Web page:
WASHINGTON – The financial world looked hopefully ahead Tuesday to a new president who will confront an economy beset by a stubborn housing slump and the worst financial crisis in 70 years, which has caused consumers and businesses to sharply reduce spending.
“He will inherit an economy that is in recession and … is likely to get worse before it gets better,” said Stuart Hoffman, chief economist for PNC Financial Services.
Still, investors seemed to draw hope Tuesday from the prospect of a new presidential administration, while shrugging off the latest in a series of grim economic reports. The Dow Jones industrial average surged more than 300 points. The Dow and other major stock indexes all finished with gains of more than 3 percent.
“Certainty is going to replace uncertainty,” said Ken Mayland, president of ClearView Economics, referring to the election results.
In another sign of the dismal economy, the Commerce Department said factory orders dropped 2.5 percent in September from August, more than three times as much as analysts had expected. Excluding autos and aircraft, orders fell 3.7 percent, the steepest drop since 1992, when the department began tracking sector-specific changes.
The weakness was led by a heavy drop in nondurable goods orders, which fell 5.5 percent. That included a 17 percent drop in the value of petroleum and coal products, reflecting the decline in oil and gas prices in September. Oil has fallen by more than half from its record level of $147 a barrel in July.
Analysts said the report wasn’t as bad as it looked, because much of the decline was driven by the drop in the value of oil and gas orders.
But orders for non-defense capital goods excluding aircraft, considered a good indication of business investment plans, fell 1.5 percent. That follows a 2.3 percent drop in August and indicated companies are cutting back on their investments.
“Corporate America is buying into the recession story, and they are paring their investment spending accordingly,” Mayland said.
The factory orders report came a day before the release of the widely watched Institute of Supply Management gauge of activity in the U.S. services sector – including hotels, retail, health care and mining – for October. That index is expected to fall, though not as steeply as its sister manufacturing index did Monday, when it dropped to its lowest level since the country’s last deep recession, the 1981-82 downturn.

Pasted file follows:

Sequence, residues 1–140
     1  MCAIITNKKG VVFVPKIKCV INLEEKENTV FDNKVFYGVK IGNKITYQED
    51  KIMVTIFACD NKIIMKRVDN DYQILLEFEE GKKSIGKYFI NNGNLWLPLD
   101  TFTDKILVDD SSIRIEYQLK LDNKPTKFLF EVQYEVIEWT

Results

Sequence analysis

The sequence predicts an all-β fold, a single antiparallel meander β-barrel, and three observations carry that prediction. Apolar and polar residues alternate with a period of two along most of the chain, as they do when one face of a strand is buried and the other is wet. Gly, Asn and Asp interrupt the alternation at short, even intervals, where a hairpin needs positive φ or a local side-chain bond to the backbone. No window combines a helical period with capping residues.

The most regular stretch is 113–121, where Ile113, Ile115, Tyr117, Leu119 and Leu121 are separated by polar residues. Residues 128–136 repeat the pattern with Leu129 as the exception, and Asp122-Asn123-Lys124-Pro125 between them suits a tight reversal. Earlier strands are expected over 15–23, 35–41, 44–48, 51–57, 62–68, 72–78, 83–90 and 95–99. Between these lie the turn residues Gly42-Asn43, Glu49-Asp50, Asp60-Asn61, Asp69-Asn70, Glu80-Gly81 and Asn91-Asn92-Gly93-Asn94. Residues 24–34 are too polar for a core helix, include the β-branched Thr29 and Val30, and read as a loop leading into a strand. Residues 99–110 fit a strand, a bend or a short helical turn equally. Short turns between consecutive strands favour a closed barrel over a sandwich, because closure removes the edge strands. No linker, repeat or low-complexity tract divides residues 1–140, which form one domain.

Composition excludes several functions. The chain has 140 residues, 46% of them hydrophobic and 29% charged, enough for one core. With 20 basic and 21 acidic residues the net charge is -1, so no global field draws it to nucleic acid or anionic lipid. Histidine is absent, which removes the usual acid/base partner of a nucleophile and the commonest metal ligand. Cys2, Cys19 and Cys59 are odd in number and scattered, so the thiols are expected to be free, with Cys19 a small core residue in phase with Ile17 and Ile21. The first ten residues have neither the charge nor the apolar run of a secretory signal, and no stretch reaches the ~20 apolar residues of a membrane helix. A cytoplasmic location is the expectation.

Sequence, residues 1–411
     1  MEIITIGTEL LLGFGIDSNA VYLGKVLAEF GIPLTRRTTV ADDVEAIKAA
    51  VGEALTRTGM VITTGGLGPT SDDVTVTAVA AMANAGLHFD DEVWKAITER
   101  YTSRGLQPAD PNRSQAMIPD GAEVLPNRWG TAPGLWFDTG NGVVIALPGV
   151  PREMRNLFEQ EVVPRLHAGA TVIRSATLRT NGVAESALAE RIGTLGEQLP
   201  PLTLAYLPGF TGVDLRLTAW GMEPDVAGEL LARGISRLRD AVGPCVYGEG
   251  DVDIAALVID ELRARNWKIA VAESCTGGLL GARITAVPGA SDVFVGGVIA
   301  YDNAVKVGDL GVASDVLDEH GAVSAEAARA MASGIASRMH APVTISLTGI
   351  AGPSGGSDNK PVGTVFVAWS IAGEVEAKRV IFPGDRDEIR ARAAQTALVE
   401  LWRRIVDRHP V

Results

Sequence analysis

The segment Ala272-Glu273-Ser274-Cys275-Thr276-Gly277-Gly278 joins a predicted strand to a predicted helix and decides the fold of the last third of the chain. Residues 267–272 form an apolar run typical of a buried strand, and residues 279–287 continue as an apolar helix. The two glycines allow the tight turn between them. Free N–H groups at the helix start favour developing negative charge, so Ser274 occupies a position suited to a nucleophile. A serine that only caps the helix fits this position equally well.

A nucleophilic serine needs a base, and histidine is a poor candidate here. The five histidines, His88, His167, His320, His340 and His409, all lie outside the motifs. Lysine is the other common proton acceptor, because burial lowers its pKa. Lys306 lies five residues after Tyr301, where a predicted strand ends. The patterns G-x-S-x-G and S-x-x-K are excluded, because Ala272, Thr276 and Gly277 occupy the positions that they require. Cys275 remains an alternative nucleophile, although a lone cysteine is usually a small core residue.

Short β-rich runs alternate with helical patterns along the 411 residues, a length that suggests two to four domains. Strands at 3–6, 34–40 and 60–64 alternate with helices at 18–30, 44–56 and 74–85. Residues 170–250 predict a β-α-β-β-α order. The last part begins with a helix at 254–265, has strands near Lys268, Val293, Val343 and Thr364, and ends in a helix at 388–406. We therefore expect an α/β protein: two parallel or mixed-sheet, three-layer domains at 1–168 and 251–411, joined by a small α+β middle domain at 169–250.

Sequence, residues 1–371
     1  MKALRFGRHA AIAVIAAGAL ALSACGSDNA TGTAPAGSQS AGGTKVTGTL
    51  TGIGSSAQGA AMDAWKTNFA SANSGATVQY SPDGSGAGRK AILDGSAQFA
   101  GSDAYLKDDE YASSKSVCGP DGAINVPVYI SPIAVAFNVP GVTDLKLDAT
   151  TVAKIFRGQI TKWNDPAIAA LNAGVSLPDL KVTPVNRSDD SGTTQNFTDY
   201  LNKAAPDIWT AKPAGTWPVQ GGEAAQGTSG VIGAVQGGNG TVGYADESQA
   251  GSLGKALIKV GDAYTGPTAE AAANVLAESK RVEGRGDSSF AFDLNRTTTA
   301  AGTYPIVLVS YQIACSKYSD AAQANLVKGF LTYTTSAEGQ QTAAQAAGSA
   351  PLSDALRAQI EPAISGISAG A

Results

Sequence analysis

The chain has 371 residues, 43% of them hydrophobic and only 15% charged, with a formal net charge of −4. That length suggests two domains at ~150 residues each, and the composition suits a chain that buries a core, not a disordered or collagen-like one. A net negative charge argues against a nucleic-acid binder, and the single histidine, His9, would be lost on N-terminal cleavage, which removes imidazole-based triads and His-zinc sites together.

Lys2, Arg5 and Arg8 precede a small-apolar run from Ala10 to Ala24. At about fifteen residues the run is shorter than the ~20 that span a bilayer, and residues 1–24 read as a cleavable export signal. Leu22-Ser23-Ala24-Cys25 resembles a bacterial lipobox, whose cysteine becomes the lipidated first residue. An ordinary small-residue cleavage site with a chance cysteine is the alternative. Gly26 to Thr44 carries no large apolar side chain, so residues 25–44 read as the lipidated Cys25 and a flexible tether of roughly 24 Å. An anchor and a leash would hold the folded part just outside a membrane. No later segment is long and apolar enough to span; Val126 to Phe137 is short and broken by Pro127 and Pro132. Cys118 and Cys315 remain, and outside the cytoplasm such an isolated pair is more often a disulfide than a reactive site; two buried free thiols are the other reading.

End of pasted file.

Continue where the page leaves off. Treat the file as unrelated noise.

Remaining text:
Automakers also reported terrible October sales figures on Monday. Sales sank 45 percent at General Motors Corp., 30 percent at Ford Motor Co., 25 percent at Honda Motor Co. and 23 percent at Toyota Motor Corp.
The government reported last week that the overall economy, as measured by the gross domestic product, shrank at an annual rate of 0.3 percent in the July-September quarter. Two straight quarters of lower GDP generally mean a recession, and many economists expect the fourth quarter to be worse than the third.
Separately, the government, raising cash to pay for the array of financial rescue packages, said Monday it plans to borrow $550 billion in the last three months of this year. Treasury Department officials also projected the government would need to borrow $368 billion more in the first quarter of 2009, meaning the next president will confront an ocean of red ink.
The nonpartisan Committee for a Responsible Budget estimates all the government economic and rescue initiatives, starting with the $168 billion in stimulus checks issued earlier this year, total even more – an eye-popping $2.6 trillion.
Besides the borrowing numbers, Treasury released estimates by major Wall Street bond firms projecting that total borrowing for this budget year, which began Oct. 1, will total $1.4 trillion, nearly double the previous record.
Major Wall Street firms were equally pessimistic about the size of the federal deficit this year. They projected it will hit $988 billion for the current budget year, more than twice the record. In July, the administration projected a deficit for this year of $482 billion, but that was before the financial crisis erupted in September.
Supporters of the government rescue packages argue that the ultimate cost to taxpayers should end up being a lot smaller, partly because the Federal Reserve is extending loans to banks that should be paid back.